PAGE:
Members, click through for insider pricing on daily deals!
Fresh on the menu today:
O’Neill: Jack O’Neill invented the first wetsuit in the early 1960’s in Northern California. Born out of a desire to stay in the water longer, O’Neill sandwiched a piece of foam between two sheets of plastic and stuffed it down his trunks, discovering that at least part of him stayed warm. The rest is history. Innovating new products for surf-wear for over 60 years, the iconic brand makes some killer duds too. Check out the collection of jackets, pants, and more at member-exclusive pricing.
Gura Gear: Gura Gear began with a conversation between photographers on a Serengeti safari. After describing their ultimate camera bag and scribbling down their ideas on a napkin, founder Andy Biggs set about making a camera bag that was versatile, comfortable, and rugged enough for any field conditions. These are still the requirements that inspire their entire line of bags and travel luggage.
Electric Visual: Rocking since 2000 and symbolized by the iconic VOLT icon, Electric Visual is known for their legendary sunglasses and goggles. Constantly driven by feedback from its athletes and the vitality of youth culture, the brand pumps fashion-forward design with rock-star-worthy edge into each of its products. Give a jolt to your vision with these sunglasses and goggles.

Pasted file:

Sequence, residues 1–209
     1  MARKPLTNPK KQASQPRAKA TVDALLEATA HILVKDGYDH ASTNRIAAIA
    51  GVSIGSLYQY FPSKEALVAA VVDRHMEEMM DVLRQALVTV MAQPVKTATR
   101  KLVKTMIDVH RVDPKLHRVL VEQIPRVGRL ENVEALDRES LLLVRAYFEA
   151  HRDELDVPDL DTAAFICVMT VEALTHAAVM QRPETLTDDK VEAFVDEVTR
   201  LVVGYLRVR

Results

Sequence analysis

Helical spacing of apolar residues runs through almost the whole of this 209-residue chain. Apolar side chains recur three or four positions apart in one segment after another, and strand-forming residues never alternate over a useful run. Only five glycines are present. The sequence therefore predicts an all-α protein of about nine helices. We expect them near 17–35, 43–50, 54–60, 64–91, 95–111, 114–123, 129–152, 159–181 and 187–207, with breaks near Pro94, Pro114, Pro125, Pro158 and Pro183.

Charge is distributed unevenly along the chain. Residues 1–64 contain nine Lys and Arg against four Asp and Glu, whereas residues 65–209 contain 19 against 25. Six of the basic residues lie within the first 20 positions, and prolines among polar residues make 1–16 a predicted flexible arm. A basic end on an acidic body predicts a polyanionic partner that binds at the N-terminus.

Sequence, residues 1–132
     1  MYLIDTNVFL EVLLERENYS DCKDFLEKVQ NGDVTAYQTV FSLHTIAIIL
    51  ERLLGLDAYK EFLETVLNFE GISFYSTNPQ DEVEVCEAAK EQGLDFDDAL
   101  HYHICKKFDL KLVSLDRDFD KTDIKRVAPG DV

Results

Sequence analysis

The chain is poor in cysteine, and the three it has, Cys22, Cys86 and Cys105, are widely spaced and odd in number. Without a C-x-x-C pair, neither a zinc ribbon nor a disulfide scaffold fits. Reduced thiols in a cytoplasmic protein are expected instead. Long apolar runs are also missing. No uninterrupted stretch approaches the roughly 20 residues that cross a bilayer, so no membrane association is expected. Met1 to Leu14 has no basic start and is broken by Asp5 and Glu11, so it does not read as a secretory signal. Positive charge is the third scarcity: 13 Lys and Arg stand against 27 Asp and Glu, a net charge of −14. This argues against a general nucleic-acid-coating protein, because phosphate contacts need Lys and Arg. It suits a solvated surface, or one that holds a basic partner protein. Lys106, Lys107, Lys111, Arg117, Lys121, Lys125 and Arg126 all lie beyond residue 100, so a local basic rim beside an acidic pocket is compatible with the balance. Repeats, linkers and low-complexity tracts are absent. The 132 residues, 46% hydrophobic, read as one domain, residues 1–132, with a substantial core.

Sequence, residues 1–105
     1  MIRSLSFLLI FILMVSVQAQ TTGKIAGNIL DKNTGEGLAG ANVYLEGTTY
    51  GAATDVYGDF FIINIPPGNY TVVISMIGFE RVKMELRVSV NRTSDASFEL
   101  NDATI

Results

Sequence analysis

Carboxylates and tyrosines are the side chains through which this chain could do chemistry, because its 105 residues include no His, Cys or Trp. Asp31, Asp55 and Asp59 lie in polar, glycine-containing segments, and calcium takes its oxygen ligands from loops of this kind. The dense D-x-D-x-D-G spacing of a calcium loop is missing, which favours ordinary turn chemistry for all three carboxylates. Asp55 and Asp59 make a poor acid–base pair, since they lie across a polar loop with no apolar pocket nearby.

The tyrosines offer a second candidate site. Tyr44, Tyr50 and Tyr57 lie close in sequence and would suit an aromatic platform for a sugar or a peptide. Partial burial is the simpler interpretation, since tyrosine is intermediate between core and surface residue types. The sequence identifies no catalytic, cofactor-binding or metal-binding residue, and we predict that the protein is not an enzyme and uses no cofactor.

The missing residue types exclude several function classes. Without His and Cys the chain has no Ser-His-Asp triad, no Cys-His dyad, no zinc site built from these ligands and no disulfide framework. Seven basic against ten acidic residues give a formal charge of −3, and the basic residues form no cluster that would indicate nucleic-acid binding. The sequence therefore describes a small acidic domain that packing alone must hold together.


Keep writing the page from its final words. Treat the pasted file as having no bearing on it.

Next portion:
GoldCoast Skateboards: GoldCoast Skateboards are built for fun. Using cold-pressed North American maple or bamboo, they specialize in long boards, transition boards, or cruisers. Skateboarding isn’t all about big airs and broken bones. It’s about fun. With these boards and trucks, you can let the good times roll.
Beach Classics: Just as the inside of a conch shell makes the perpetual sound of the sea, there are certain styles that are timeless on the beach. Step into this collection of board shorts, bikinis, tees, and more.
IN OTHER NEWS:
The Rare Bite of an Orca: Did you know?
On September 9th (that’s today!), 1972, Hans Kretschmer felt a bump against his leg. He was surfing the break at Point Sur on the California coast. Maybe it’s one of the seals I saw frolicking in the waves, he thought. But no, Hans turned around just in time to see a 20ft.-long Killer Whale chomp into his leg. Hans described the bite as “tremendous pressure.” It lacerated his left thigh to the bone. Trailing blood, he bodysurfed to shore and was driven to the hospital. A surgeon laced 100 stitches into his thigh. The surgical precision of the bite confirmed Hans’ description, making him the only person to ever be attacked by a killer whale in the wild.